Galloping Asian meth demand drives record production: UN
By Hiroshi Hiyama, AFP Wednesday, May 21, 2014, 12:06 am TWN
TOKYO--Strong and growing demand for drugs in Asia is driving up global production of methamphetamine, with seizures in the region tripling in five years to record levels, a U.N. body said Tuesday.
Both the use and the production of the drug is increasing, in line with the expanding economy of the world's most populous continent, leading to growing social problems and higher healthcare bills.
Methamphetamine, also called "meth" and "ice," is an extremely addictive stimulant that affects the central nervous system.
Chronic use can lead to mood disturbances, violent behavior and symptoms of psychosis such as paranoia and hallucinations.
To compile the latest report, the United Nations Office on Drugs and Crime (UNODC) grouped together methamphetamine, amphetamine and other similar chemicals as "amphetamine-type stimulants" or ATS.
It excluded so-called "ecstasy" drugs, which are usually reported separately in drug surveys.
"Over the years, methamphetamine seizures have been predominantly reported in East and Southeast Asia, in countries such as China, Indonesia, the Lao People's Democratic Republic, Malaysia, Myanmar and Thailand," the Office said ahead of the report's launch in Tokyo.
Asia has long been the world's largest market for methamphetamine and drug dealers are targeting its rapid economic success, the U.N. body said.
Roughly a third of the estimated US$90 billion illegal economy in Asia comes from drugs, said Jeremy Douglas, UNODC regional representative for Southeast Asia and the Pacific.
"The region has had a longstanding problem with ... methamphetamine use," he said.
"It originated as a drug that was taken by poor people, traditionally workers. That migrated into youth culture over a decade ago," he said. "More recently, that has evolved into a growing prosperous youth culture.
"You have rising incomes occurring across the region. You have large, large youth population. So you have natural growth of the market" which has attracted criminals from around the world, Douglas said.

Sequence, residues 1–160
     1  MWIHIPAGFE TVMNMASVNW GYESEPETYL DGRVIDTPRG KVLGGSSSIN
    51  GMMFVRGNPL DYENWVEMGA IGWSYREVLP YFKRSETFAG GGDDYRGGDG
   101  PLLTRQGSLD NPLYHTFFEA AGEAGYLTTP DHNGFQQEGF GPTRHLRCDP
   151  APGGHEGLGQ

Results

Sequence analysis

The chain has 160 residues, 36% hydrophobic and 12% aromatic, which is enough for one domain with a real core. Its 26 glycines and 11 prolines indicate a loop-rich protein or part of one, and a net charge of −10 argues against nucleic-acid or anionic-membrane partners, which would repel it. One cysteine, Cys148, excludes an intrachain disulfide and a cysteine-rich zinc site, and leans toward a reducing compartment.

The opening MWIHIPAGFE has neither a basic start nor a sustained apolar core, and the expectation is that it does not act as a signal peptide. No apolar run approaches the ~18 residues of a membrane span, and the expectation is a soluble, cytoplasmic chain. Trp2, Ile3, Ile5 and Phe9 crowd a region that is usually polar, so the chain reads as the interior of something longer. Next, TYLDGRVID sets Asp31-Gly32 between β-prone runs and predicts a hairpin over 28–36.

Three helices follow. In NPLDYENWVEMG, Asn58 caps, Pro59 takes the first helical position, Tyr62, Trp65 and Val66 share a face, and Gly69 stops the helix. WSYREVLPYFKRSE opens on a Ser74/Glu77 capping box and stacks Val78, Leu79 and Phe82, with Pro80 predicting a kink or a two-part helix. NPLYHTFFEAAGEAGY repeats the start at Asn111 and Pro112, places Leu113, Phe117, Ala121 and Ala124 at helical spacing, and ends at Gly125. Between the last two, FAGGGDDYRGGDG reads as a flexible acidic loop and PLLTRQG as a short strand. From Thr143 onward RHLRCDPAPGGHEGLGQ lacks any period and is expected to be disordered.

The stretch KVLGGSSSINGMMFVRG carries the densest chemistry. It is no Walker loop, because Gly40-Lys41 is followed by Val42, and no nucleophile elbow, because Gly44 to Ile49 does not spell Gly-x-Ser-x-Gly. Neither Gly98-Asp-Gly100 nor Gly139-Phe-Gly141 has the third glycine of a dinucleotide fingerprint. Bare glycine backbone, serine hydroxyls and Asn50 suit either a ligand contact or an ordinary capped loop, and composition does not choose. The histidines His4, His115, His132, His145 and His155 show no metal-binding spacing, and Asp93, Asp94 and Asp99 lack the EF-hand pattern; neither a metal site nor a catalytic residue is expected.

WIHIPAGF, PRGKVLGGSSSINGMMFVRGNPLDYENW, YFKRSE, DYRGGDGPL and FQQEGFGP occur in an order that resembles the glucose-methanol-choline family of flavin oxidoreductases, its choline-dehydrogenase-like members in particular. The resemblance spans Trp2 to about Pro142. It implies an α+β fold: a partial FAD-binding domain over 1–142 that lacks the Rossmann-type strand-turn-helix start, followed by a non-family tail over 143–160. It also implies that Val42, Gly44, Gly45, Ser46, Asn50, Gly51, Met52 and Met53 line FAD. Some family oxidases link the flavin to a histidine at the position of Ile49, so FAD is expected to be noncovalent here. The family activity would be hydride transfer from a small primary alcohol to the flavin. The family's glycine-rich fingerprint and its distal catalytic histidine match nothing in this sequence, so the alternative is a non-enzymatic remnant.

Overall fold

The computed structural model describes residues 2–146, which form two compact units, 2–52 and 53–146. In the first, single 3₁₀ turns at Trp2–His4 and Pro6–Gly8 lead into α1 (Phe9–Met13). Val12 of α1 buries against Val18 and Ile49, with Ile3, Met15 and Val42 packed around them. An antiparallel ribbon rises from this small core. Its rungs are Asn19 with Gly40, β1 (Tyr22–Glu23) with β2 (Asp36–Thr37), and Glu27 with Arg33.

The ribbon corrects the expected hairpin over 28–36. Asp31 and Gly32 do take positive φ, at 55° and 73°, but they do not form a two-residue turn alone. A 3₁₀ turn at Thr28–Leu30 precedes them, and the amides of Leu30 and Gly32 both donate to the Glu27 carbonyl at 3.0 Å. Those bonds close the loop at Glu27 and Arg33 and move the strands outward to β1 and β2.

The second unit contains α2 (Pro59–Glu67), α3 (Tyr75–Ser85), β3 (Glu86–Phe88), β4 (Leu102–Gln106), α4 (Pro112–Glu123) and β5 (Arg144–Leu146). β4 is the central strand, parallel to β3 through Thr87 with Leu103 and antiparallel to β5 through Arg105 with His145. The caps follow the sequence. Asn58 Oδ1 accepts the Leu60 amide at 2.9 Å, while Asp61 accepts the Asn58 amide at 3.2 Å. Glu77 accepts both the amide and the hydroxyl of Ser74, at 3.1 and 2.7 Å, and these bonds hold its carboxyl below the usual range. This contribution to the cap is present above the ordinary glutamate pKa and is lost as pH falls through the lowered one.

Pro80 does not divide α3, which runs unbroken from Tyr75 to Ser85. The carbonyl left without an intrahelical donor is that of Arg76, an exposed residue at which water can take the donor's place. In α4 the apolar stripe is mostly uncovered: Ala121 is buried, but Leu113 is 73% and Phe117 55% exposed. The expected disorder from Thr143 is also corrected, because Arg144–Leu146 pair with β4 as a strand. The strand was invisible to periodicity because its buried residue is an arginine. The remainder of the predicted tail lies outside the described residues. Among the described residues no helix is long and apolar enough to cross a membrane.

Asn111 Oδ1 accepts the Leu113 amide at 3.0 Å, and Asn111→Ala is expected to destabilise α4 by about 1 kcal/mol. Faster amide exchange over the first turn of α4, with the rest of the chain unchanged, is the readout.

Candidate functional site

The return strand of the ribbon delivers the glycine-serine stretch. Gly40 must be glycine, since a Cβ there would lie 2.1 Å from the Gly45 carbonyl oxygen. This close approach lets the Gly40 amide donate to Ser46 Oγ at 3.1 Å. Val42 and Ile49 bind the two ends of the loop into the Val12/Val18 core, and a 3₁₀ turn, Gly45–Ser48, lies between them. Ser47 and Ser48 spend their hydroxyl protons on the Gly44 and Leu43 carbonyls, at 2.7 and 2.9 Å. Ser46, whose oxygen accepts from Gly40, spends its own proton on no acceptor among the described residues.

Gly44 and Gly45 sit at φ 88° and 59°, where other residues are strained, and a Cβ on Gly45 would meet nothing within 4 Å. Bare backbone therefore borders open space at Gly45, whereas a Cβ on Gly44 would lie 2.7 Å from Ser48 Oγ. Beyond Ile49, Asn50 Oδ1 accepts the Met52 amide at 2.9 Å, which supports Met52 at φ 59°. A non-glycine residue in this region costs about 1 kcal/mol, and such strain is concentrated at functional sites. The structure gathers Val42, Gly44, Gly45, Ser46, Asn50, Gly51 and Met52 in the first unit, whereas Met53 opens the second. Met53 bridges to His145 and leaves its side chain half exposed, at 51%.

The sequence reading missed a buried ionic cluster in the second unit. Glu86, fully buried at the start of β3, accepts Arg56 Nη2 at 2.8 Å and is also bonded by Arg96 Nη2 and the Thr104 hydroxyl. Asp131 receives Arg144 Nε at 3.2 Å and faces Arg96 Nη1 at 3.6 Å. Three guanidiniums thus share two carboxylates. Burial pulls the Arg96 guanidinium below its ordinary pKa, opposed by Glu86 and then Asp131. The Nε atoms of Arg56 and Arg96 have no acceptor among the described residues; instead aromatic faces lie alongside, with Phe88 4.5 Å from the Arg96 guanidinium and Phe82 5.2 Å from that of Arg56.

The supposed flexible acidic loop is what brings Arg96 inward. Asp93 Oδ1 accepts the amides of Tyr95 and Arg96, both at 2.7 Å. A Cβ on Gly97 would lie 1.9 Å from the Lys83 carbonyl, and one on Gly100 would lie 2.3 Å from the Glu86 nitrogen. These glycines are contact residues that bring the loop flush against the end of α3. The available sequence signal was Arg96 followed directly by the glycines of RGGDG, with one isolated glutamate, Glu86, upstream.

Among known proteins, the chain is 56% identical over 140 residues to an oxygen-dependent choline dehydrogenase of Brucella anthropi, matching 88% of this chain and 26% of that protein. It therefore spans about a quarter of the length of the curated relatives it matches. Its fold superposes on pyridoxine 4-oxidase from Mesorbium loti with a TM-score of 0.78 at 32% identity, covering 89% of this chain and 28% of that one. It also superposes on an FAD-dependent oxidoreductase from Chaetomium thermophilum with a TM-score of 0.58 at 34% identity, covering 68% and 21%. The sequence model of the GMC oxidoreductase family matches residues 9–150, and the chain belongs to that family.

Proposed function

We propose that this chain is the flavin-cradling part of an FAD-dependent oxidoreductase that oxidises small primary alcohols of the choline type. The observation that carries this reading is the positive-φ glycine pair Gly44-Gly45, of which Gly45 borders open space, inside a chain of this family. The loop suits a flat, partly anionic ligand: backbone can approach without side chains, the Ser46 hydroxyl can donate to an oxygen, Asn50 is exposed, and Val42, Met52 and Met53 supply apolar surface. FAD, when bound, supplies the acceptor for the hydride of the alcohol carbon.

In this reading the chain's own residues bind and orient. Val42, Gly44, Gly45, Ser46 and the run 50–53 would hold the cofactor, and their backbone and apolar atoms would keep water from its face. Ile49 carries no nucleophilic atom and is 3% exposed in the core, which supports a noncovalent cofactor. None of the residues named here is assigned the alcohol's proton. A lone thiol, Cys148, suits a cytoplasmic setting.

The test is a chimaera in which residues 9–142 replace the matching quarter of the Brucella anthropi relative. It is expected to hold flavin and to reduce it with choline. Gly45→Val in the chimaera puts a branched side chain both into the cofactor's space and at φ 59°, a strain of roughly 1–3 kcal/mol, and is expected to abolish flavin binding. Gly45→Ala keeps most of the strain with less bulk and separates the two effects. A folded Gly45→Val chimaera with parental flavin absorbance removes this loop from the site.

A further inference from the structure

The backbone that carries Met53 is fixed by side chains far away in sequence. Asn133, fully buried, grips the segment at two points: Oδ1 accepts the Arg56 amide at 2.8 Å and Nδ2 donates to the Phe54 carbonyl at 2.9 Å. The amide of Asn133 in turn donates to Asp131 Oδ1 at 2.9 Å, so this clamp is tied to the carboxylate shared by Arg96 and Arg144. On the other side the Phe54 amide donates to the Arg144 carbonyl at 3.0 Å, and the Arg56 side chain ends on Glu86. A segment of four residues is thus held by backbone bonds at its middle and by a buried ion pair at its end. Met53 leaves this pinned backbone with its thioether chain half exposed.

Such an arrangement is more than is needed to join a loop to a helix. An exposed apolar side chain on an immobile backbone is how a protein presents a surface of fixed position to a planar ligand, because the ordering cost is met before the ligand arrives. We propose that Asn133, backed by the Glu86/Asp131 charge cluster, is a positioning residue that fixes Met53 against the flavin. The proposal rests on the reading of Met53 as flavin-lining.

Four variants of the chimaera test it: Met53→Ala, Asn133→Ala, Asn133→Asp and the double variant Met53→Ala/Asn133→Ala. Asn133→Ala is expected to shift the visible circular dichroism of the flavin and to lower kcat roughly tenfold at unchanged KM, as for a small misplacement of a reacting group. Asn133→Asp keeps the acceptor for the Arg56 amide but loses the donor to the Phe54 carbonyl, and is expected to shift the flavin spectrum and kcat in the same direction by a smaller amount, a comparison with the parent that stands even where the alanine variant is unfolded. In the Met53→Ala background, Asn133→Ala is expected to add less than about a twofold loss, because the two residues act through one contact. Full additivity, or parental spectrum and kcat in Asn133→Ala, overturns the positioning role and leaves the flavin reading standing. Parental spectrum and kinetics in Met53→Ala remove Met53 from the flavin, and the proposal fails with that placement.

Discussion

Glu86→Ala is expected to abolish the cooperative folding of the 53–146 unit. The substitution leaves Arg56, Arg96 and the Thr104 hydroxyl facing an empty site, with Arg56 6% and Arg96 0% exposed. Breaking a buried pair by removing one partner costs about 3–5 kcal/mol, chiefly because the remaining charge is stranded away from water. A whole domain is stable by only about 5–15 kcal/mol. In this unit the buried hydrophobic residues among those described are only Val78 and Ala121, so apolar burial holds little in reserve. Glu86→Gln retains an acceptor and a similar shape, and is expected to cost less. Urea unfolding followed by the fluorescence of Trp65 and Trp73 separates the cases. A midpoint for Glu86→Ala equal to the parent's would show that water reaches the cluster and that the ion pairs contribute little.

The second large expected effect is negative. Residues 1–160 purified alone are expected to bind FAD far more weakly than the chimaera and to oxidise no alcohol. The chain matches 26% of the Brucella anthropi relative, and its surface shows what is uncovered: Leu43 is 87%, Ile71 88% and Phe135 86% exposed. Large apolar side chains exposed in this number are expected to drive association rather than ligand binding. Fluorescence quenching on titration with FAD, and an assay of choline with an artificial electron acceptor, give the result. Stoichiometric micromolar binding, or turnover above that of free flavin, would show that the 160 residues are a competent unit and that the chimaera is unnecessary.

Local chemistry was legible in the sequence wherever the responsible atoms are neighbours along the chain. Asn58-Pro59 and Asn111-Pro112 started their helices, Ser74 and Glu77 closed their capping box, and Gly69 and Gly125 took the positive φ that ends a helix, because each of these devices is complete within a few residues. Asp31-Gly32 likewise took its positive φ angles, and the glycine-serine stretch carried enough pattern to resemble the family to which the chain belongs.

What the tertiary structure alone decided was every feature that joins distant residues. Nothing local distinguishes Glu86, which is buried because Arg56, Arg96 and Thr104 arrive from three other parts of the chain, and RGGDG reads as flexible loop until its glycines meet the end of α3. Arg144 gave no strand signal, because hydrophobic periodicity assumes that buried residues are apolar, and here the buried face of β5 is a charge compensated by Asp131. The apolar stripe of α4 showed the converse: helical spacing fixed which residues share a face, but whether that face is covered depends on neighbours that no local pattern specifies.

Seizures of ATS-related drugs tripled in Asia to at least 36 tonnes per year in the five years to 2012, the Office said.
China has had particularly severe problems, it said. In 2008 Chinese authorities seized six tonnes of methamphetamine.
That figure soared to more than 16 tonnes in 2012, accounting for about 45 percent of total methamphetamine seizures for Asia that year, the UNODC said.
Thailand has also seen its highest levels of seizures of methamphetamine pills and the drug in its crystalline state in past five years, said the report.
Growing ATS use was accompanied by expanding regional production, with large bases seen in China, Myanmar and the Philippines, the U.N. body said.
The drug is often trafficked for long distances, the report said, and the routes being used by drug sellers are becoming increasingly well-trodden.
These are notably from Mexico, the Middle East, South and West Asia and West Africa to Japan and other lucrative markets in East and Southeast Asia and Oceania.
Ironically, the factors that are starting to boost living standards in Asia — greater regional integration resulting in improved trade — are also accelerating the spread of the drug.
Closer ties among the Association of Southeast Asian Nations have increased the region's flow of people and goods, including drugs.
Criminal groups are increasingly opening drug factories in the region. They are known to provide cheap products when trying to cultivate a new market and to raise prices once new customers are addicted.
Southeast Asian states and other countries most affected by the crisis often have very little capacity to stop the crimes, Douglas said.
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